Why “Seated at the Right Hand of God”?
I’ve been back to blogging on the Heidelberg Catechism of late.
Recently I worked through what these 16th-century Reformed theologians thought about the Ascension.
In their line by line commentary on the Apostles’ Creed they took each obvious and not-so obvious issue in turn:
- Q46: What does Christ’s Ascension into heaven mean?
- Q47: Does that mean he’s not with us?
- Q48: Does that separate his humanity from his divinity?
- Q49: And, from a while back, how does this idea help us as Christians?
Then the writers move on to the Creed’s next line and ask
50 Q. Why the next words: “and is seated at the right hand of God”?
Good question, even if basically nobody is asking it today.
So, now that we are on the topic, why DOES the Creed say that?
The Easy Answer: The Bible Says So
I suppose the easiest answer is “Because the Bible says so.” Remember how Stephen, as the crowd pumelled him to death with stones, looked to heaven and said that he saw Jesus sitting there?
But filled with the Holy Spirit, he gazed into heaven and saw the glory of God and Jesus standing at the right hand of God.
‘Look,’ he said, ‘I see the heavens opened and the Son of Man standing at the right hand of God!’ (Acts 7:55-56)
Okay, I guess he got tired of standing there and sat down.
Actually most of the references refer to him sitting. (Matt. 26:64, Mark 14:62 & 16:19, Luke 22:69, Col. 3:1, Heb. 1:3, 8:1, 10:12 & 12:2)
And there is another simple answer: If he bodily rose from the grave and bodily ascended to heaven, he has to be bodily somewhere.
Complication: What is the Father Doing with Hands?
But then a different problem arises: God is not physical. God, according to Scripture, is Spirit, and by Church teaching the Father is not to be portrayed in physical ways.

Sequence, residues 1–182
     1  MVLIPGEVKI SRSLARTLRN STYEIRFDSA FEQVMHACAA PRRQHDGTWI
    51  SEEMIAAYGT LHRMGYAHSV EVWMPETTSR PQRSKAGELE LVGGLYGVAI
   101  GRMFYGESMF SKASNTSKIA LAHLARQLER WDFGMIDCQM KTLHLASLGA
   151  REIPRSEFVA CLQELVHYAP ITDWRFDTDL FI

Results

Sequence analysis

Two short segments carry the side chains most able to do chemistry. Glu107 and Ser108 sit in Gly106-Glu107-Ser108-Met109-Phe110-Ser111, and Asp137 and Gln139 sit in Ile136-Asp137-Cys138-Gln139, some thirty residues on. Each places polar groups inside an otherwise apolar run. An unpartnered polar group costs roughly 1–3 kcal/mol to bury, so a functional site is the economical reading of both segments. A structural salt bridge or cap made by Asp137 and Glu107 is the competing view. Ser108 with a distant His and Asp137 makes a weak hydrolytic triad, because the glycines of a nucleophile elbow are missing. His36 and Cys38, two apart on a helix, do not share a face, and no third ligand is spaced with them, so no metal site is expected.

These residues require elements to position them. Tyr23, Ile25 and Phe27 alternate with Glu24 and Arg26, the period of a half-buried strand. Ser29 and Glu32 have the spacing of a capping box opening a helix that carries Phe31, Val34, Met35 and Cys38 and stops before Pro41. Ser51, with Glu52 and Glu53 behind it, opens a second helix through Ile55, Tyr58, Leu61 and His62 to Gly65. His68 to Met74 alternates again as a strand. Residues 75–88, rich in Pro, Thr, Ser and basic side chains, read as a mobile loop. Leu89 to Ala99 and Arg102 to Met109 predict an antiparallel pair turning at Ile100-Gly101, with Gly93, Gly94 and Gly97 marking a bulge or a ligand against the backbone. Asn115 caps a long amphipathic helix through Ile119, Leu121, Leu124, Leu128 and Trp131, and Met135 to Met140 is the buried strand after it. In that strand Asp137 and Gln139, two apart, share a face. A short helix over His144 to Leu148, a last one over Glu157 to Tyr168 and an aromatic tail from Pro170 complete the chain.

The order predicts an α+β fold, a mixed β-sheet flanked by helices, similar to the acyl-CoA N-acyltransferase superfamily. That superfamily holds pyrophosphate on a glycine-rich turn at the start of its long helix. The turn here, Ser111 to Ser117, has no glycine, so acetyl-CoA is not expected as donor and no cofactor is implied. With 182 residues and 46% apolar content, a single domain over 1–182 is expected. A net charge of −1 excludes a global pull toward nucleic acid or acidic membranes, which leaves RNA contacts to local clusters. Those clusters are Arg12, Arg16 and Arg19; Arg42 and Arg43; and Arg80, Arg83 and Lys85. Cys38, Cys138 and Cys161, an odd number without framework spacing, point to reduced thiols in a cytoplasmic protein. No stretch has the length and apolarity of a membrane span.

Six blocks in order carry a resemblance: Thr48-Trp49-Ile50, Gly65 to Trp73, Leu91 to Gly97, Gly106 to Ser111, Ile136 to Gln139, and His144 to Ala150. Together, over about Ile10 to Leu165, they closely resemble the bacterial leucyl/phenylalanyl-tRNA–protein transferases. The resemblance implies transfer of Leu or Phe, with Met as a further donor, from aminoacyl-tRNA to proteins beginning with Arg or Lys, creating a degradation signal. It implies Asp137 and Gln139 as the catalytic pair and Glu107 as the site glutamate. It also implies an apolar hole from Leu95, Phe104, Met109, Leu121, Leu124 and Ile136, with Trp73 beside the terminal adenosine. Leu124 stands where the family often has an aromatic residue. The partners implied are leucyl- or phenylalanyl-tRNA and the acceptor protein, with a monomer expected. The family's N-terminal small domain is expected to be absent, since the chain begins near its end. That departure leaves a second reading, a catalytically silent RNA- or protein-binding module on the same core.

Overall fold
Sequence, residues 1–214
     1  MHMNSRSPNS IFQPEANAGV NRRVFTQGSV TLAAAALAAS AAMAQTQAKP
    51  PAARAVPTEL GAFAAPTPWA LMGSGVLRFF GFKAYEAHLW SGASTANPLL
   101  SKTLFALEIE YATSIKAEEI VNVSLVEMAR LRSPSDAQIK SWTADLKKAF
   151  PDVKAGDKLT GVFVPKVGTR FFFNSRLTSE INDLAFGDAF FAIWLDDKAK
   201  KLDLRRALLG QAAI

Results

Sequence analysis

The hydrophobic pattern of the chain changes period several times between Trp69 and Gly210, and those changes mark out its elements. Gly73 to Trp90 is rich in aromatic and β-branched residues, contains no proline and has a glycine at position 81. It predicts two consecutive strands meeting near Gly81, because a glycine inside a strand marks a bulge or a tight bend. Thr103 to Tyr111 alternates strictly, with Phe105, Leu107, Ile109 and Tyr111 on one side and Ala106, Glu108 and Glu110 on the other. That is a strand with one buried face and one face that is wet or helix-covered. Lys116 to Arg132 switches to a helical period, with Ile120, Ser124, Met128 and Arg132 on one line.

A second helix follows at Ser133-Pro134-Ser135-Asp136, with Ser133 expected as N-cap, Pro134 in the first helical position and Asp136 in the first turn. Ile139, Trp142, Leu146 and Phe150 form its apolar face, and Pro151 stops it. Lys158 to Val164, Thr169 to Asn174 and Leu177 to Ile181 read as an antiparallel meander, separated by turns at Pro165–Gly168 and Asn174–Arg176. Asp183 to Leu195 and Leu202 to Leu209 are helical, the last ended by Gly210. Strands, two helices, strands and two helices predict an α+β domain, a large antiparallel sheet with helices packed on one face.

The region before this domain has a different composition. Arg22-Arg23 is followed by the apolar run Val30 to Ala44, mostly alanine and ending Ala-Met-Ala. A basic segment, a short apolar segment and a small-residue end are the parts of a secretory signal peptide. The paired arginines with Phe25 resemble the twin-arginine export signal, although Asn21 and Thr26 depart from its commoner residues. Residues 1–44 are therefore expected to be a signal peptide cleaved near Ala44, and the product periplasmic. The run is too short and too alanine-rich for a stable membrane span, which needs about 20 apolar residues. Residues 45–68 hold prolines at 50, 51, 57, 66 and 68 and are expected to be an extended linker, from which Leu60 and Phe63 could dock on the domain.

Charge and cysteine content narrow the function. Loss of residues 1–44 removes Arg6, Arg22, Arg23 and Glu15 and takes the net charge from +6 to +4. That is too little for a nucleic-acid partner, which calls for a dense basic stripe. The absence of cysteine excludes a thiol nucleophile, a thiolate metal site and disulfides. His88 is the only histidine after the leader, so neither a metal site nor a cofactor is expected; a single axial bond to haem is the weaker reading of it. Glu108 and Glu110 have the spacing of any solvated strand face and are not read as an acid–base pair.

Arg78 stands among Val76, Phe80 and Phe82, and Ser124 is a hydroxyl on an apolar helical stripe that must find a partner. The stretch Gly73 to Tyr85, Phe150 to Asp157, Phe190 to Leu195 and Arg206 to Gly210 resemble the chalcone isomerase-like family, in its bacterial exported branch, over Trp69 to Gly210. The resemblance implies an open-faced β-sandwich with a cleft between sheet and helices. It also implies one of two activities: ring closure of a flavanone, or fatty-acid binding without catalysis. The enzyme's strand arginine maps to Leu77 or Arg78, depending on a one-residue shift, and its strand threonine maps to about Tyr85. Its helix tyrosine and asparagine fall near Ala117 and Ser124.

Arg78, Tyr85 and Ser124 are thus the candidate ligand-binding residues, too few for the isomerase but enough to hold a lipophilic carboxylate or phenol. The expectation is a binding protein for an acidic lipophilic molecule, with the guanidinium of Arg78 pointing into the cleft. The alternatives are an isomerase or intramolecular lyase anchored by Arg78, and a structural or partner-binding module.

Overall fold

You see this in the ancient Temple.
- The Holy of Holies was the definitive place where God chose to be present.
- It housed the Ark of the Covenant, holding the Ten Commandments.
- Two golden angel figures stretched out their wings above and across and the Ark, forming a kind of seat for God.
- The seat was, to all appearances, empty.
You would expect God to be sitting there on the, as it were, wing chair. But no.
And one of the commands on the tablets inside that Ark clearly forbade making any physical portrait of God.
So when the New Testament’s idea of the heavenly throne room, what is God doing with hands?
The trouble with the idea is called “anthropomorphism”: falsely attributing human characteristics to God. So there is a problem in the picture that the language of the Creed (and Scripture) creates.
(Though it does make room for the old joke about God being left-handed — since Jesus sat on God’s right hand.)
The Symbolic Answer: Christ Is Ruler of All
This word picture of God bodily occupying a physical throne room has to be symbolic language. It must point to a greater, invisible reality.
So here’s the Catechism’s take on the question:
A. Because Christ ascended to heaven
to show there that
he is head of his church,
the one through whom the Father rules all things.
Yes! The word picture of enthronement points, as a symbol, to a bigger truth. And it is an important reality:
Christ is large and in charge, the ruler of all, and especially the head of his Church — us.
This idea of Christ at God’s right hand is what you see portrayed inside the domes of countless Orthodox Churches: Christ “Pantokrator” or “Ruler of All.”
So when you say the Creed, or think about Christ after the ascension, remember that the imagery teaches us he is King of King and Lord of Lords — and let that fill you with trust and hope, whatever you are facing.
I’d love to hear your thoughts about Christ’s sitting at the right hand of God in the comments.
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